Let’s consider that we get many different slings, including chains, wire rope, endless round slings, and synthetic material slings. It makes sense that some of the information on the tags will be different from other types of slings. There is other information that may also be displayed on tags varying from sling-type to sling type. Next, we will look at end attachments.

End-attachments That Should Be Attached To Slings

The end attachments that should be attached to the slings used for lifting and lowering goods and material will differ based on the application criteria of the sling as well as the loads being lifted or lowered. We saw in the previous section that different hitches could be used to get the lifting task done, and the end attachment plays a big role in how effective the lift will be.

The end attachments will sometimes not fit through the eye bolts of the attachment point on the load, and in these cases, shackles will have to be added as an extra attachment point to the sling to ensure a safe and controlled lift. This configuration often happens when endless round slings and synthetic slings are used to lift and lower goods and materials.

The standard end attachments that chain slings come with should only be used for the correct application, and the end attachments that should come standard as part of a sling include: grab hooks, sling hooks, foundry hooks, or even a self-locking latch block. The master links could be oblong, round, or pear-shaped.

The end attachments that come standard with wire rope slings are called thimble, reeved thimble, and soft eye attachments. The attachment ends of the sling should only be used for the correct applications, as veering from the standards can pose serious harm to people or the load itself.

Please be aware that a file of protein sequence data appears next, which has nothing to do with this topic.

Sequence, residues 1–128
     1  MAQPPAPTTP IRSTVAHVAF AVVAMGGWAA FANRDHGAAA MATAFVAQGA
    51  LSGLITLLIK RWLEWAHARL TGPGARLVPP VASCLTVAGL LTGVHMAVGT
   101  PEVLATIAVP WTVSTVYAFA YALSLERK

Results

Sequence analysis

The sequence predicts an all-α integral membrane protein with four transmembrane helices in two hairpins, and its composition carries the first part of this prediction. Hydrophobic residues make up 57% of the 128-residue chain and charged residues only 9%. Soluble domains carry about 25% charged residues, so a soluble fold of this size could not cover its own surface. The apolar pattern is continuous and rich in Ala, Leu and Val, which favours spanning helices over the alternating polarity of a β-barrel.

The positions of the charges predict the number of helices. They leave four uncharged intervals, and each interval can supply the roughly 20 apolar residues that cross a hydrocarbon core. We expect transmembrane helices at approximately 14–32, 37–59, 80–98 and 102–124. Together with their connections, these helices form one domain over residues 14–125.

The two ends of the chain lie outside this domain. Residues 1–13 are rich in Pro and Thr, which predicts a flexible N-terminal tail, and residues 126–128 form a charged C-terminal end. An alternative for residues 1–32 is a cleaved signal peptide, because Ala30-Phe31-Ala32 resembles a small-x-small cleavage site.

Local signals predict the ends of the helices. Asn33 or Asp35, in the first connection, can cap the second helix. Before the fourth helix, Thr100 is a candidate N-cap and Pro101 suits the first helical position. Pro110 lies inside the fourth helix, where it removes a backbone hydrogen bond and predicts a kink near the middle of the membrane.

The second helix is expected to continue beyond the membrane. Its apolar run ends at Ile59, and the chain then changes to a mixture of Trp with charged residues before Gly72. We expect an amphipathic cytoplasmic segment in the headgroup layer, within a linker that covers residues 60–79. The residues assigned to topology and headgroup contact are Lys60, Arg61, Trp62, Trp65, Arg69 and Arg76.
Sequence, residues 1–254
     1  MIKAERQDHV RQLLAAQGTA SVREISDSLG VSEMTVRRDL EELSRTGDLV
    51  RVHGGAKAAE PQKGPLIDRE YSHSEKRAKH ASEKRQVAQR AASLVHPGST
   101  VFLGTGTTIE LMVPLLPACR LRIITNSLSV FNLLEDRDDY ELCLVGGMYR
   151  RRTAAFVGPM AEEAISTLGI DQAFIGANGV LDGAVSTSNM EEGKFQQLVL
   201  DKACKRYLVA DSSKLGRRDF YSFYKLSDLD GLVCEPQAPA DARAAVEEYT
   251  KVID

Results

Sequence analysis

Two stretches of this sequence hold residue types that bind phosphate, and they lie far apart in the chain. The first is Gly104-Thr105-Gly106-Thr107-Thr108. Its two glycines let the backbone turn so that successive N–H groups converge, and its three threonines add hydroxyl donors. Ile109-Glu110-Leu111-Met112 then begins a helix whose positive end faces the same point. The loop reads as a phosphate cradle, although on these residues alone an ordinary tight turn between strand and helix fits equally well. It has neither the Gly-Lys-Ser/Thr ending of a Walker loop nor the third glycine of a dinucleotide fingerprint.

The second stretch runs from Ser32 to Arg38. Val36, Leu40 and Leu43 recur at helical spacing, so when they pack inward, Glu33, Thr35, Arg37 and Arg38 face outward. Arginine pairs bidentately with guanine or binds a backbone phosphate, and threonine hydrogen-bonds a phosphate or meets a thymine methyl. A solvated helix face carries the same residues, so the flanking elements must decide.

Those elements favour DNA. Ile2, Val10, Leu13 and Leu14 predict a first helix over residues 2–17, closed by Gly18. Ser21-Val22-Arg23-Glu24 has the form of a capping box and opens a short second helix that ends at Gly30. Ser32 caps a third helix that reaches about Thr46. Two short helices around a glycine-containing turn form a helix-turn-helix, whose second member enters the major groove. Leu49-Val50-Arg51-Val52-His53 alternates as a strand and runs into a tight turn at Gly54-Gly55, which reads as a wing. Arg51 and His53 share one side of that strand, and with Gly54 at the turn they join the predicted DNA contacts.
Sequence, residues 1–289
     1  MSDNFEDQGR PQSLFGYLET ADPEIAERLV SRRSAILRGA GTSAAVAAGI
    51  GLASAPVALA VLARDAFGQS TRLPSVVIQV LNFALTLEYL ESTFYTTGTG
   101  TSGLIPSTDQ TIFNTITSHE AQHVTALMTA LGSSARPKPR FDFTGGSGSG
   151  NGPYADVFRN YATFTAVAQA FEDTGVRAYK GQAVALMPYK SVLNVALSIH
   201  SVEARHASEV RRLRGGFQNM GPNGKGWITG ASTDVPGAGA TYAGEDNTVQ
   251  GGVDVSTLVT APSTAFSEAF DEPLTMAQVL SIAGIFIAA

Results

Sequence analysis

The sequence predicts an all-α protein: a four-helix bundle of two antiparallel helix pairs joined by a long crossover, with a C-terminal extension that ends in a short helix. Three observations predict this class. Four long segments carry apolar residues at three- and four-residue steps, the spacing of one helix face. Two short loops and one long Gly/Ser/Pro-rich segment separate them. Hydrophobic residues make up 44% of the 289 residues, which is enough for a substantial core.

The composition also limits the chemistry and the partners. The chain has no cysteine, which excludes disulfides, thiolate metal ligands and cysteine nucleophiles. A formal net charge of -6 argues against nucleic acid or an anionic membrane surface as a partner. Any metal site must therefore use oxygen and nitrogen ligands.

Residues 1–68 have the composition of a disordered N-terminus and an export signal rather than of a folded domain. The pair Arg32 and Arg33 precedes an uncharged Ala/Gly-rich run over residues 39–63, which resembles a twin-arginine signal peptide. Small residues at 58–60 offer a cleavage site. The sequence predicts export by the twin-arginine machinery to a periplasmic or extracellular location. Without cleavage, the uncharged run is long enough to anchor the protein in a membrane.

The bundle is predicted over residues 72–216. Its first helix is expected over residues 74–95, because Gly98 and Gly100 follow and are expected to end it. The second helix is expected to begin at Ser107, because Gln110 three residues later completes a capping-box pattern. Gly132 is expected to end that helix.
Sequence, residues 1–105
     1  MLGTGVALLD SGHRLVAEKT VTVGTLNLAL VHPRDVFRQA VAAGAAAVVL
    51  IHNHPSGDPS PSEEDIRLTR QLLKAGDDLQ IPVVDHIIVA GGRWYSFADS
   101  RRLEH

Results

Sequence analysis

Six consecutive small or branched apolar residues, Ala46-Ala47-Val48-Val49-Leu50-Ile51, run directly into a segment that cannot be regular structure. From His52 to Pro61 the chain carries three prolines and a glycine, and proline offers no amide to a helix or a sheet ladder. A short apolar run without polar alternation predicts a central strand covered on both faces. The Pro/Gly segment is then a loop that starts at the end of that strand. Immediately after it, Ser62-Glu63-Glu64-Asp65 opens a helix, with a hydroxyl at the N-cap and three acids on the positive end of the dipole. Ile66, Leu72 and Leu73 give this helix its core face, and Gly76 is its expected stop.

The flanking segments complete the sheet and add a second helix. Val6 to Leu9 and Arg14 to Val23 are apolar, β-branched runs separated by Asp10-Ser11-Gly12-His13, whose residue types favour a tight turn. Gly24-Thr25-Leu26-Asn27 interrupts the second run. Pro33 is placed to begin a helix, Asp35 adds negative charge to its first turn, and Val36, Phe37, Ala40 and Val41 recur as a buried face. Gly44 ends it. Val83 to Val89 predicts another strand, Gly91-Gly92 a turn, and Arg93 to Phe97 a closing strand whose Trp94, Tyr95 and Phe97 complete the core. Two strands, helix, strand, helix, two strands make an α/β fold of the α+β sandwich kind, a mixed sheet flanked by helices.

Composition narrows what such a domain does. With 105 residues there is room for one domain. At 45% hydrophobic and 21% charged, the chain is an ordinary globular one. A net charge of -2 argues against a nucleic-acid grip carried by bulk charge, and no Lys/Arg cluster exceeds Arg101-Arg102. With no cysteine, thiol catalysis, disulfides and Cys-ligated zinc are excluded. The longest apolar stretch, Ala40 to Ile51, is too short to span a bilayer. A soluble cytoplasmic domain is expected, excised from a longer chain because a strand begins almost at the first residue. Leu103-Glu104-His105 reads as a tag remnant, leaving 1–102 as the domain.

Edge/Cut Protection Attached To Slings Exposed To Hazards

The hazards that will cause the need to attach edge or cut protection to slings are when slings that are not made of metal are exposed to sharp edges or points on the load that can potentially cut the slings. The slings that can be exposed to this situation are endless round and synthetic slings.

Edge or cut protection sleeves can be attached by sliding the slings through the protective sleeves and then positioning the sleeves in the places where the slings can potentially get damaged. Newer types of protective sleeves are also manufactured with Velcro to make the process easier. It makes the attachment and the removal of the slings easier and faster.


We have seen that the occupational safety and health administration standard gives employers and employees guidelines on the information that should be attached to every sling. We also discussed the end attachments of slings attached to various types of slings based on the application of a sling.

Experts in the lifting industry also suggest that you attach cut or edge protection sleeves to every sling that may fail when exposed to conditions where sharp edges or points may be present. Endless round slings and synthetic material slings are more susceptible to this type of hazard. I enjoyed sharing the information I found, and I hope you enjoyed reading it.